PCA2014: Short stacking with Noah Schwartz
Noah Schwartz looks like your average poker player. He wears shorts and a hoodie to a $100,000 buy-in poker tournament, has a backpack slung across the back of his chair, and the shadows under his eyes show a solid dedication to the late night grind. He often looks irritated at the table, angry even, but face-to-face he's a pretty entertaining guy. The 30-year-old, born and bred in Miami Beach, Florida, speaks fast, freely and gives good quote. These are qualities that not all winning poker players possess, but a winner he most certainly is.
Schwartz has clocked up $3,849,229 in live tournament winnings, currently sits 15th on the Global Poker Index, and is two-thirds of the way to donning a Triple Crown. He won a WPT event in 2012, collected a WSOPE bracelet at the back end of last year, and had the EPT Grand Final played out differently he could already be there. Schwartz finished sixth in that for $247,827 in what many (well, we) pegged as the toughest final table line-up ever. Schwartz joined Steve O'Dwyer, Andrew Pantling, Johnny Lodden, Daniel Negreanu, Jake Cody, Jason Mercier and Grant Levy for an all-time classic battle royale. You can read more about that by clicking here.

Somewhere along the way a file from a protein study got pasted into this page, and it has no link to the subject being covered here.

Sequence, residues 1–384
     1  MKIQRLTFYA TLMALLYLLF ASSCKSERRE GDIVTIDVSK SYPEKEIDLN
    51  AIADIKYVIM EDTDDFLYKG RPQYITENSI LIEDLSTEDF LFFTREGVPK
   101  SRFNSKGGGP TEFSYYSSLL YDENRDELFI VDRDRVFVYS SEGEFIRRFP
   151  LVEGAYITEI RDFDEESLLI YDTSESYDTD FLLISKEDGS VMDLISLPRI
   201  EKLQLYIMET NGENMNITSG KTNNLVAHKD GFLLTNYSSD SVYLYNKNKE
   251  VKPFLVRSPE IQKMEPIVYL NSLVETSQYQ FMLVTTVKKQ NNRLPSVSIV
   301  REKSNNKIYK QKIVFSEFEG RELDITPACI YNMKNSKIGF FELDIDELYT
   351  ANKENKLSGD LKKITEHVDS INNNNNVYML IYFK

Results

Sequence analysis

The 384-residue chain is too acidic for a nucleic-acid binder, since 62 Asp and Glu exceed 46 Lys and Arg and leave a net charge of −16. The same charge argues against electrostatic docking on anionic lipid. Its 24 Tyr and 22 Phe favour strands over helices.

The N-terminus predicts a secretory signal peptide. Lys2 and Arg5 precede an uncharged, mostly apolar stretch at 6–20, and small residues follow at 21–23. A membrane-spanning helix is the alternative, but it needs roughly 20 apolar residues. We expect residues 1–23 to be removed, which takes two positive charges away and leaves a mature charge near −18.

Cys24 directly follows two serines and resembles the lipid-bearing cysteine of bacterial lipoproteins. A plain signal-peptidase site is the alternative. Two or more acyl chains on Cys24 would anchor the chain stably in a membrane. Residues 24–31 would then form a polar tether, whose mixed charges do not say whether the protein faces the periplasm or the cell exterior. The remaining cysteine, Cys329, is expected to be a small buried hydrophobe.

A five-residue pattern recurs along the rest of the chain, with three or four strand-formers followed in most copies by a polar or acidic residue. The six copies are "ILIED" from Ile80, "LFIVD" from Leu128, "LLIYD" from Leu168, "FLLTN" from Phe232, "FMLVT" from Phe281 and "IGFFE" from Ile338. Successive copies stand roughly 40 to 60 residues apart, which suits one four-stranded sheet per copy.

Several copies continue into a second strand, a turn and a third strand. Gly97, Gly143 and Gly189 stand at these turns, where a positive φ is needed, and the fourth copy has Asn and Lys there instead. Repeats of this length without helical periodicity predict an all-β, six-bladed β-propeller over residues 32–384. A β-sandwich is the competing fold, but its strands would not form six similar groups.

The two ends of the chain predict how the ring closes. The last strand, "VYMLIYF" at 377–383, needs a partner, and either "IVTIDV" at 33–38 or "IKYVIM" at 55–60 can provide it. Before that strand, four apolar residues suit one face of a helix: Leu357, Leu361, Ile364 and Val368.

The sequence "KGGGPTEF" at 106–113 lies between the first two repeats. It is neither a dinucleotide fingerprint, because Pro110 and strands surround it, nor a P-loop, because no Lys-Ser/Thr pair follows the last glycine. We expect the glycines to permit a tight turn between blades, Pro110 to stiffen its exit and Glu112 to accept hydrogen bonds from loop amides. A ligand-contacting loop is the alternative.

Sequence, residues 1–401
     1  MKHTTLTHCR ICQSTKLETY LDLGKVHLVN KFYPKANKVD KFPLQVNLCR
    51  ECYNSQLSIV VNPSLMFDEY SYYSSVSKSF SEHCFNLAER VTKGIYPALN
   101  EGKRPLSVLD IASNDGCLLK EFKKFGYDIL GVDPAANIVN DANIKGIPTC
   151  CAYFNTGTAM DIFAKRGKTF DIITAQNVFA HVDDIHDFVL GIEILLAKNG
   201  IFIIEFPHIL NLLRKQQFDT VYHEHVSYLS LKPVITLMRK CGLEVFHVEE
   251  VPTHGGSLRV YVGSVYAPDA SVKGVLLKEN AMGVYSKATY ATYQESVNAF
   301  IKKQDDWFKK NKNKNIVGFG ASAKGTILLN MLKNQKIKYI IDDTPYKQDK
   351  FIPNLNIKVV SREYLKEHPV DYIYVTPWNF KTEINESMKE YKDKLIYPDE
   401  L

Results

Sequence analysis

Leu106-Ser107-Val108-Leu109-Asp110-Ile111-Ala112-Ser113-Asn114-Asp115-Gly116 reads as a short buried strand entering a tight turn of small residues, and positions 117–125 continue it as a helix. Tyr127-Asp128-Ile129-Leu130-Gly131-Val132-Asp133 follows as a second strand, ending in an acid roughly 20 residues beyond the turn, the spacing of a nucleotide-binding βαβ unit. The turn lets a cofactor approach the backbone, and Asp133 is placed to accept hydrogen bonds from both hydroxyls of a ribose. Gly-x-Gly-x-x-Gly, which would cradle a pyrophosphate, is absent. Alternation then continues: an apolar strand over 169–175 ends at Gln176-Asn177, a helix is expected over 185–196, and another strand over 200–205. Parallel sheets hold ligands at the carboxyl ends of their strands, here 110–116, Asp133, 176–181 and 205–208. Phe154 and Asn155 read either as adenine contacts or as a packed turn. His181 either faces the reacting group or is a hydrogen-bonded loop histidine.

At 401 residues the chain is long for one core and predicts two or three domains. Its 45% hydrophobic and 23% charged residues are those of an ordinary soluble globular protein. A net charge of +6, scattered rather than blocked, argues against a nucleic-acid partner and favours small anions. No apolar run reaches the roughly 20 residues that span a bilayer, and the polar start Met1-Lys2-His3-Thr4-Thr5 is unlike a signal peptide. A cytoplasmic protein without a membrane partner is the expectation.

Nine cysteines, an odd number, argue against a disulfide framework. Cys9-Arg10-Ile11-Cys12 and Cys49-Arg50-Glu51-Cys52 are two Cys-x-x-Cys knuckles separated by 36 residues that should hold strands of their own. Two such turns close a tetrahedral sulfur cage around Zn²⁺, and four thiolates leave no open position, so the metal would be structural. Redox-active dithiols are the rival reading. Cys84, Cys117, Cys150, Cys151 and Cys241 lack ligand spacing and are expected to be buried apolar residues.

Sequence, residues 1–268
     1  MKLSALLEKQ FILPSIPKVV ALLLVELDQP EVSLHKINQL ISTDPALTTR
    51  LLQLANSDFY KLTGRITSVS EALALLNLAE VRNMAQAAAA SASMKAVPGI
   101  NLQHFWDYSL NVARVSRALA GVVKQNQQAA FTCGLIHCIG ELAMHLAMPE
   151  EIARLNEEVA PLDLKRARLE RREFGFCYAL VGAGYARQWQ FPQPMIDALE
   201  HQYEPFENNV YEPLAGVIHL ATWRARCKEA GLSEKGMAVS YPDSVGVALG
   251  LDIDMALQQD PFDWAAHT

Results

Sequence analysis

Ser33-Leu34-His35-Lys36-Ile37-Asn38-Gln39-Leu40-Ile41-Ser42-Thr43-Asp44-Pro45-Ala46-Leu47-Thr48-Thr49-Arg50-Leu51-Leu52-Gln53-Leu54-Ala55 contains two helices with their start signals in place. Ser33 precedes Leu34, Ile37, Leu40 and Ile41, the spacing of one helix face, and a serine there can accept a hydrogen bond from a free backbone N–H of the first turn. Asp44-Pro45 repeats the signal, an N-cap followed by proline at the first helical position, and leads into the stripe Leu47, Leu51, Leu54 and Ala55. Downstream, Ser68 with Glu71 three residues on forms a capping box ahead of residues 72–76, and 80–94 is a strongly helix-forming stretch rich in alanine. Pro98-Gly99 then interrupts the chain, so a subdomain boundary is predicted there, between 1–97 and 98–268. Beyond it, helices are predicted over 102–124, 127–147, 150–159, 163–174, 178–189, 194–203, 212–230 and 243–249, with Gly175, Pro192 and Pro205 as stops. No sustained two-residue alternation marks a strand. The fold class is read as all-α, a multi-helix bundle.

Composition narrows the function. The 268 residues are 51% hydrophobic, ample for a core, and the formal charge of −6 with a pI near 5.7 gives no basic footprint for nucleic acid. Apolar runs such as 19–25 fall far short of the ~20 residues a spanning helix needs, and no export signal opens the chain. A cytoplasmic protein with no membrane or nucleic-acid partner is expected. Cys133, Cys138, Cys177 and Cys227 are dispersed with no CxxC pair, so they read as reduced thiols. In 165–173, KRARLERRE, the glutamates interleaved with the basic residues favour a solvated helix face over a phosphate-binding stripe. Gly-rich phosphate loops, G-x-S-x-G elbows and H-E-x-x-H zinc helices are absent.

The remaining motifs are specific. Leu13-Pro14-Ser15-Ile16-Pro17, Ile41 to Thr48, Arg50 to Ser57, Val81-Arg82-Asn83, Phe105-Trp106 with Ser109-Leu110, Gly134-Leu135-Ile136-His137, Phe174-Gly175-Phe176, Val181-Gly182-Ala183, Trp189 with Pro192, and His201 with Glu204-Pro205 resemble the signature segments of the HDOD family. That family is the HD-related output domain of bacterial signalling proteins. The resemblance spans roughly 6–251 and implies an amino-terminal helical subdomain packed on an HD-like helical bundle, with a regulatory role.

I caught up with Schwartz during the second break of today's $100,000 Super High Roller when the Floridian was nursing a ten big blind stack, waiting to return to the grim situation of having Super High Roller champions Max Altergott and Martin Finger on his direct left, both with chips. Oh yeah, Mike "Timex" McDonald was in the next seat along, also with his chips. It was pretty far from an ideal situation. Twenty players remained, eight would get paid, and Schwartz was in need of some luck. He'd started the day with 231,000, run it up to 400,000 early on but had slowly dwindled down to 116,000 with few easy spots to shove. When playing a tournament for $100,000 the chances are that players will know their calling ranges pretty well.
"The adjustment is that people are going to be calling lightly so you've just got to get a hand that plays well against the hands that they're going to be calling with, and get lucky if you're not able to pick up a hand. You get jack-ten of hearts or queen-nine of diamonds it's more often than not a hand that you're going to go with. You don't really have many other options at this point, right? It's hard to pick up a hand, right?" said Schwartz.
It's a situation reminiscent of the EPT Grand Final where Schwartz made a move with king-ten offsuit from the button only to find Jake Cody in the big blind with jacks and Daniel Negreanu, who opened from the cut-off, with aces. Fortuitous timing it was not.